In this article, we will revisit the concept of thermally conductive plastic filaments, because a team of researchers has released a paper referencing the very materials that we referred to previously.
The researchers from the South-Eastern Finland University of Applied Sciences (XAMK), and the University of Southern Denmark have published their findings around the use of thermally conductive plastics in combination with topology optimization for the production of passive heatsinks.
Specifically the research focused on the use of the ICE9 Rigid Nylon thermally conductive nylon filament from TCPoly, for the design of passive heat sinks using topology optimization for anisotropic heat transfer.
ICE9 Rigid Nylon is one of the filaments we looked at in our previous article on thermally conductive plastics.
Recall how we said that both electrical and thermal conductivity can be altered by the addition of carbon to plastic bulk materials.
The specimens in the research were printed in various orientations and topologies and thermal conductivity measurements were performed to assess the effectivity of the printing process parameters.
The research showed that their experiments showed a 10%–20% reduction in thermal resistance compared to a reference straight fin design.
The image below shows a schematic of the aforementioned straight fin design used in the experiments. Reference samples were made from both printed filament and from extruded aluminum.
The heatsinks were produced with a Minifactory Ultra 3D printer. The printer was selected due to its ability to print high temperature filaments with (dual) nozzle temperatures of up to 470°C.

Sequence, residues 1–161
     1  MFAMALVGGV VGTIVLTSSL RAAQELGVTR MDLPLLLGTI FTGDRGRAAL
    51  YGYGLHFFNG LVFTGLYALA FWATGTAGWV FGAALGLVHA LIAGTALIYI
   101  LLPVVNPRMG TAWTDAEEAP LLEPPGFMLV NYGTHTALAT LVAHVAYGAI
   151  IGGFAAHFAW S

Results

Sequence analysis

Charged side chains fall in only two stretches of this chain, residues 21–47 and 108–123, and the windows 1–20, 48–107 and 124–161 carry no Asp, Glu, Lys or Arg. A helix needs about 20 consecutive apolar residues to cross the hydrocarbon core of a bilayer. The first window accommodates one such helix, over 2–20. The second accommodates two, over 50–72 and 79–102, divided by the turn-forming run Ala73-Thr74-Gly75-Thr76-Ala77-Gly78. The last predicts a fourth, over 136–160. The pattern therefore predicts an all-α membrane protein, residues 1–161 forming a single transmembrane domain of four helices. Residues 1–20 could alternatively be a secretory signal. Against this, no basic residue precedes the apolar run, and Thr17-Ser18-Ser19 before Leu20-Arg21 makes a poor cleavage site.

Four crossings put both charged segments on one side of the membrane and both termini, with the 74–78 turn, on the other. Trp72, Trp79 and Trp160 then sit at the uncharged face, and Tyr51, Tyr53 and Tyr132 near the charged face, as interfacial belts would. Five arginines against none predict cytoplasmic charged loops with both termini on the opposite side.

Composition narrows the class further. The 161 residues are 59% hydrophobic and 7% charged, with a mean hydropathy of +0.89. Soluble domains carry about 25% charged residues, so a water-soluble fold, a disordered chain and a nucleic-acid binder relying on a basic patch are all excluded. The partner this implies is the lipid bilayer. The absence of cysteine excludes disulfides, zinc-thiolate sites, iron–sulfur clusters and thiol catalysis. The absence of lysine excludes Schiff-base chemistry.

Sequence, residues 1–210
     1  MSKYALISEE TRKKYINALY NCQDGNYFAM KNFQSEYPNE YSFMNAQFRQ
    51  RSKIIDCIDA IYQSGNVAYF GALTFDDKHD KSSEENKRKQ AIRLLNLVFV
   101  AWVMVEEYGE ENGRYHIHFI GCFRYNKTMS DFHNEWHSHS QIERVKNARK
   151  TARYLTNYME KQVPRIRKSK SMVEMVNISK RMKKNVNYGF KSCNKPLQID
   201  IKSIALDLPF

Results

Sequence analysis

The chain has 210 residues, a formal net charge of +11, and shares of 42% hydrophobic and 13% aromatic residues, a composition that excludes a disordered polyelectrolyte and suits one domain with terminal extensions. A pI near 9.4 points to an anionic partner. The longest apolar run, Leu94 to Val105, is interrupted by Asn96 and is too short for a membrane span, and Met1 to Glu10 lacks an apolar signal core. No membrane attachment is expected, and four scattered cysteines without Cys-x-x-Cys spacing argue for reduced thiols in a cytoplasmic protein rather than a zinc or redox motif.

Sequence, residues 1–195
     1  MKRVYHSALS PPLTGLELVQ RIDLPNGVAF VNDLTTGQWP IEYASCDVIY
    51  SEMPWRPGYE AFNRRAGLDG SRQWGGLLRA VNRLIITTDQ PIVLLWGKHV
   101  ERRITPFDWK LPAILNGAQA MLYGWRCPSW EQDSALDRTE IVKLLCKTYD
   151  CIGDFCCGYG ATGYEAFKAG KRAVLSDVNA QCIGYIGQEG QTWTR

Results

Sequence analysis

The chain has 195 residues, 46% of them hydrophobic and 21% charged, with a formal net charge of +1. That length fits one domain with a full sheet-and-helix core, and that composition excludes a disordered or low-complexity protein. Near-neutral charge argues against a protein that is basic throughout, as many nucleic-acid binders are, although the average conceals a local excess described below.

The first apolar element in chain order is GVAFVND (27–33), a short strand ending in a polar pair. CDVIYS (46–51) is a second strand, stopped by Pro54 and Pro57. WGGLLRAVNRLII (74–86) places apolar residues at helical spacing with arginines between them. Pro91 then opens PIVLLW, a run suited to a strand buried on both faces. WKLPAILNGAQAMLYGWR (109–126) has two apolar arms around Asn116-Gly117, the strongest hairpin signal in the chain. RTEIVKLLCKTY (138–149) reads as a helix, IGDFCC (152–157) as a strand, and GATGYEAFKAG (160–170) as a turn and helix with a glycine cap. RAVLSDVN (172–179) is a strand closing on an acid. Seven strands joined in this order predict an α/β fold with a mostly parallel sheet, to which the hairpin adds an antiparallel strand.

Due to the anisotropic differences between orientations (especially regarding air gaps and layer bonding imperfections), it was noted that there was better thermal conductivity in one orientation (in-layer orientation) compared to the cross layer orientation.
This table shows the results of the thermal conductivity experiments for both in-layer and cross-layer orientations of the ICE9 samples compared to the reference designs.
Various optimizations were carried out before the final prints to eliminate air gaps and other defects.
In practice, according to the paper, the reduction in air gaps was achieved by adjusting material fed (flow), the width of the print lines (line width) and the settings for filling and infill overlap. By adjusting these settings, it was possible to achieve the optimal prints with the smallest air gaps.
The paper concludes that topology optimization can indeed achieve improved performance of passive heat sinks produced using thermally conductive filaments such as the ICE9 Rigid Nylon material.
The best designs that the researchers had tested demonstrated a 10% and 20% lower thermal resistance when compared to the reference straight-fin heat sink in the vertical and horizontal installation directions, respectively.
In terms of the gains from topology optimization, the optimized heat sinks achieved a 5 to 10% improvement in the thermal resistance for the vertical installation direction and a 15 to 20% improvement for the horizontal direction.
This was due to the performance of the straight fin reference design, which has superior performance in that orientation thanks to the layout of the fins which are aligned in the direction of gravity.
It was also noted that control of the thermal environment was necessary to ensure best results, as effects such as warping could affect the isotropy of the thermal conductivity.
In short, the research demonstrates the utility of both topology optimization and thermally conductive filament, but notes that the effectivity of the parts could be improved by tweaking the parameters further to fit thermal performance requirements.
You can read the open access paper, titled “Material extrusion additive manufacturing and experimental testing of topology-optimized passive heat sinks using a thermally-conductive plastic filament” over at this link.